Do you take measures to avoid catching infections from other people? Do you have a system for staying safe in public space? How do you act when you run into someone you don’t want to run into? What do you find unacceptable behaviour? Do you have a preferred toilet cubicle?

The material recorded during this event was developed into a fictional artist film about how we deal with anxieties and hang-ups whilst in public space. Set entirely inside a shopping centre, the film follows the interactions between two sisters; one anxious about her personal safety, the other concerned with the invisible threat of infection.

The sterile atmosphere of the environment quickly becomes menacing as the women’s personal safety systems begin to fail.

Cecilia comments:

“I am really excited to come back to Aberdeen to show the work that came out of the participatory event ‘Manual’. The opinions and stories about behaviour in public space that I captured during the event in November is the basis for the fictional film about two women navigating a shopping centre. It is great to finally bring it back to Aberdeen to screen it.”

Manual has been supported by Arts Council England through the Grants for the Arts scheme.

Cecilia Stenbom (1976, Stockholm) is a visual artist and filmmaker. Originally from Sweden, has previously been based in Reykjavik, Helsinki and Glasgow and currently lives and works in the North East of England.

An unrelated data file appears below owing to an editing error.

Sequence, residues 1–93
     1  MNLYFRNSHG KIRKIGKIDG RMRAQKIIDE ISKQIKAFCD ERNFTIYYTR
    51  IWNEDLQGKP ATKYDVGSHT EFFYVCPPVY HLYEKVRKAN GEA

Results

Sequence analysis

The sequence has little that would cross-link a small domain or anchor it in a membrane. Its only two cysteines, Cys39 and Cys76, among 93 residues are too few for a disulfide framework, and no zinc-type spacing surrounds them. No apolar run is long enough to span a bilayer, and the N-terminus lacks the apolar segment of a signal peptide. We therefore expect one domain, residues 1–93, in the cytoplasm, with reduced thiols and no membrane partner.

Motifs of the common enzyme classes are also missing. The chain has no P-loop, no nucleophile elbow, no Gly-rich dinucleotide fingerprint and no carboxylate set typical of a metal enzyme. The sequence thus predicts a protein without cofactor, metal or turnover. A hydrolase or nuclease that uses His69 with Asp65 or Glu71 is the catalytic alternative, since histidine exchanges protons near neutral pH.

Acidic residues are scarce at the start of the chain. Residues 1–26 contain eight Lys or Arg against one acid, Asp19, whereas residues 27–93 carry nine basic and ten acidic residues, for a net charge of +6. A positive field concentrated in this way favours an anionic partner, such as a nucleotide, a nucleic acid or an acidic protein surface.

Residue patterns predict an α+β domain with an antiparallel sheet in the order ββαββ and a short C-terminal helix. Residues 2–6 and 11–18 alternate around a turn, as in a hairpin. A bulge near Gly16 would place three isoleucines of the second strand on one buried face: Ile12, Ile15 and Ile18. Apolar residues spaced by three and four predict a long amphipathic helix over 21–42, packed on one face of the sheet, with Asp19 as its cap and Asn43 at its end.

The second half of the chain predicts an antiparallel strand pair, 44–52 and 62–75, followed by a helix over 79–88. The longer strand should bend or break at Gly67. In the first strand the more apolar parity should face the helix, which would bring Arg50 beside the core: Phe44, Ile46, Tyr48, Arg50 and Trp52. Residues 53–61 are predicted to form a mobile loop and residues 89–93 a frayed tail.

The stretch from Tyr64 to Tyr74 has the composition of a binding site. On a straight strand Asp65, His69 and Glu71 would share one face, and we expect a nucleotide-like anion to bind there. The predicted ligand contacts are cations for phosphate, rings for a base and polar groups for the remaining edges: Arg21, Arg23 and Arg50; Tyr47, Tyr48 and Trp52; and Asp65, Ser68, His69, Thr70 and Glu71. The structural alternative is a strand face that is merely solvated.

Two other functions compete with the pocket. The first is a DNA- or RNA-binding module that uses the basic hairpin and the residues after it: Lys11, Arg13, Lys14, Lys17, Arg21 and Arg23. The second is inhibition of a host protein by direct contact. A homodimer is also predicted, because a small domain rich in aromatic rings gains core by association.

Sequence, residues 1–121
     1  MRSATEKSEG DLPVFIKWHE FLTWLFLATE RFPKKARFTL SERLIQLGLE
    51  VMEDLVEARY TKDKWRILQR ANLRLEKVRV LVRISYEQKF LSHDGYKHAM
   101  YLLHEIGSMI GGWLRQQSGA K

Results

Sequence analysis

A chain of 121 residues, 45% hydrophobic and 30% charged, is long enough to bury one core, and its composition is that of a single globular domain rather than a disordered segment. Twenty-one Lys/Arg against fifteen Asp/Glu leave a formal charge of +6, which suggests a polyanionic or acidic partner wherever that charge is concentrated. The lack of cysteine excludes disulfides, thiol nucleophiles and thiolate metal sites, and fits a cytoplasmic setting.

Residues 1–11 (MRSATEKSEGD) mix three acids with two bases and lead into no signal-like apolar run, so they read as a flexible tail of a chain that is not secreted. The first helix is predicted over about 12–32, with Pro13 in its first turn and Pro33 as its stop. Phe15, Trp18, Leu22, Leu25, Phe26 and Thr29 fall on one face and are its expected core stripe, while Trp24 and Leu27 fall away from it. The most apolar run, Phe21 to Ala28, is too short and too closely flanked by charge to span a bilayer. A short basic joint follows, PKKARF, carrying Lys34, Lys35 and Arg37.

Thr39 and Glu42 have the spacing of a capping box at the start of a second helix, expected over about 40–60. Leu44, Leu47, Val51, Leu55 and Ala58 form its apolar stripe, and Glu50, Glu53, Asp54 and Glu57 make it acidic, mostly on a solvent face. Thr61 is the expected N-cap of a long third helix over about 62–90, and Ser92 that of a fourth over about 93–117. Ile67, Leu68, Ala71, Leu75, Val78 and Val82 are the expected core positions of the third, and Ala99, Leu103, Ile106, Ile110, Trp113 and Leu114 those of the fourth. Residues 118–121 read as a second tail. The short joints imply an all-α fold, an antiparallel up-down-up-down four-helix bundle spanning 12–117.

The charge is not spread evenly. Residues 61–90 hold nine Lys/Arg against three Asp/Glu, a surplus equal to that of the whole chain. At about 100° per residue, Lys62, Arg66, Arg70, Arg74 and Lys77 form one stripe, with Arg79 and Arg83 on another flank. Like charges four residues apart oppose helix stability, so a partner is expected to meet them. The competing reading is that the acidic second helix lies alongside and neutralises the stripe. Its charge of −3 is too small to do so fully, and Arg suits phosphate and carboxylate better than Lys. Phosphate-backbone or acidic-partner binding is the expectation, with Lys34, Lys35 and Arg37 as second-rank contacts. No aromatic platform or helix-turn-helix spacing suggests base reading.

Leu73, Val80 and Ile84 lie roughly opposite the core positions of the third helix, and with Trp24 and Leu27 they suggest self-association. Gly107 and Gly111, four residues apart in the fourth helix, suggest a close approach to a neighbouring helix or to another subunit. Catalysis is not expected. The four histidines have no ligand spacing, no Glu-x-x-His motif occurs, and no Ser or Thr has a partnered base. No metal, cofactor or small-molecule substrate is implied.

Q&A 6pm, Free admission. Please RSVP to

Location: Peacock Visual Arts, 21 Castle St, Aberdeen, AB11 5BQ

Nov 212013

-seeninthedeen 500This Friday, 22 Nov, 6 – 8pm, Peacock Visual Arts open their new winter exhibition, #SEENINTHEDEEN – Creative Characters from Aberdeen and Beyond.

The exhibition has been organised in collaboration with Aberdeen collective WLDWLVS.
The works included in the exhibition all use text and typography in some way; these include pieces by local artists Brian Ross, John Mackenzie and Neil Henderson amongst others, such as a large-scale mural commissioned for the show.

This work will be shown alongside that of established international artists Adam Bridgland, Chu, Scott Myles and many more.

It will bring together a rich variety of styles and disciplines from printmaking to graffiti.

The title, #SEENINTHEDEEN, was a quick method for WLDWLVS to start documenting the hidden side of Aberdeen that people could otherwise miss.